• Student Teacher Interaction: Online learning providers are required to have guidelines in place for reasonable student to instructor communication that allow for individualized interaction with instructors as needed. Communication includes, but is not limited to, electronic mail, online discussion groups, telephone interaction, and face-to-face discussions between teacher and student.
  • Timeframe for Teacher Response to Student Questions: Online learning providers are required to have guidelines in place for the time and process that teachers will provide prompt response to student inquiries and requests for assistance.
  • Online learning providers are required to have policies for teacher professional development. Teachers need to have appropriate training for the delivery of online instruction. Providers receiving public support must maintain Oregon teaching licensure for all teachers consistent with TSPC professional development requirements.
  • Courses must meet academic content standards. Courses offered are governed by individual school district guidelines, including, but not limited to, courses meeting requirements for high school diploma, electives, as well as supplementary instruction.

HB3660 (2010) implemented the recommendations of the Online Learning Task Force, which directed the State Board of Education to develop a proposed governance model for virtual public schools and virtual charter schools; to review appropriate levels and methods of funding for such schools; to identify which virtual public schools and virtual public charter schools enrolled students with disabilities; and to review participation rates of students with disabilities. HB3660 also contained the following provisions:

  • Required meetings twice weekly between teachers and students, either in person or through the use of technology; six meetings a year must be face-to-face.
  • Outlined record-keeping requirements when a student transfers.
  •  Required that online schools must use budget and accounting systems compatible with their physical counterparts in the sponsoring district.

HB2301 took effect July 1, 2011 and allows:

  • Students to choose at the course level.
  • Students to enroll in virtual charter schools without approval of the school district where the student resides prior, unless more than 3% of the students who reside in the district are enrolled in virtual charter schools. If more than 3% of a district’s students enroll in a virtual charter not sponsored by the district, then the student must receive permission from the district. While that permission is not guaranteed, the student can appeal to the State Board of Education.
  • Up to 5% of a virtual charter school’s instructional hours to be taught by teachers who are not licensed in Oregon.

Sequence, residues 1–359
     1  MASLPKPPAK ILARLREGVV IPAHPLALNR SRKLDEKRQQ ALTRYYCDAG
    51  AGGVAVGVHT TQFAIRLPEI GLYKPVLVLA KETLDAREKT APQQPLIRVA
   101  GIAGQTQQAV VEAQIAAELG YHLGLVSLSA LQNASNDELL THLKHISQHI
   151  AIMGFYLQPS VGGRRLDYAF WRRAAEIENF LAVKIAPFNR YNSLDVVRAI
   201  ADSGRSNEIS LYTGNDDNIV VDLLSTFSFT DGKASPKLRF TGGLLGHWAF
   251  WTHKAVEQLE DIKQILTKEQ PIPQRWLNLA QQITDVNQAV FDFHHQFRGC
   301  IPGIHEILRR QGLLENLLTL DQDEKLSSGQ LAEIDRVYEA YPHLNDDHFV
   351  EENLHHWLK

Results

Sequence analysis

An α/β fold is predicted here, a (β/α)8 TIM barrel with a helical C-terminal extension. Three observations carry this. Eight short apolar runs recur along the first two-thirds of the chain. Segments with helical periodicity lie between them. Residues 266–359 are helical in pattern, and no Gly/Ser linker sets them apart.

• Repeals the SB767 enrollment cap and 50% residency requirement.
  • Requires that at least 95% of instructional hours be taught by Oregon-licensed teachers.
  • Requires the online charter school to notify a student’s resident district of the enrollment.
  • Prohibits an online charter school board from having a school employee or third-party entity with which the school contracts.
  • Requires that a school district release up to 3% of students to online charter schools.
  • Provides student assessments in a manner that ensures that an individual student is being assessed and that the assessment is valid.
  • Requires a plan to provide equitable access to the education program of the school by ensuring that each student enrolled in the school has access to and use of computer and printer equipment as needed; is offered an Internet service cost reimbursement arrangement under which the school reimburses the parent or guardian of the student, at a rate set by the school, for the costs of obtaining Internet service at the minimum connection speed required to effectively access the education program provided by the school; or has access to and use of computer and printer equipment and is offered Internet service cost reimbursement.

SB994 also passed in 2011, creating the Task Force on Virtual School Governance to make recommendations to the 2012 legislature on new governance standards for online schools.

HB2426 (2013) requires that, effective SY 2014-15, each district school board “adopt policies for the use of personal electronic devices in the schools of the school district” to “support academic activities and independent communications.”

HB3232284 and HB3233,  passed in July 2013, are designed to “help turn around under-performing schools and improve student outcomes statewide.”286 This includes the Network for Quality Teaching and Learning, which will receive $33 million every two years287 in addition to one-time grant money of almost $13 million. The network provides an online dashboard for teacher networking, professional development, and course development in line with Common Core standards.

last updated October 22, 2013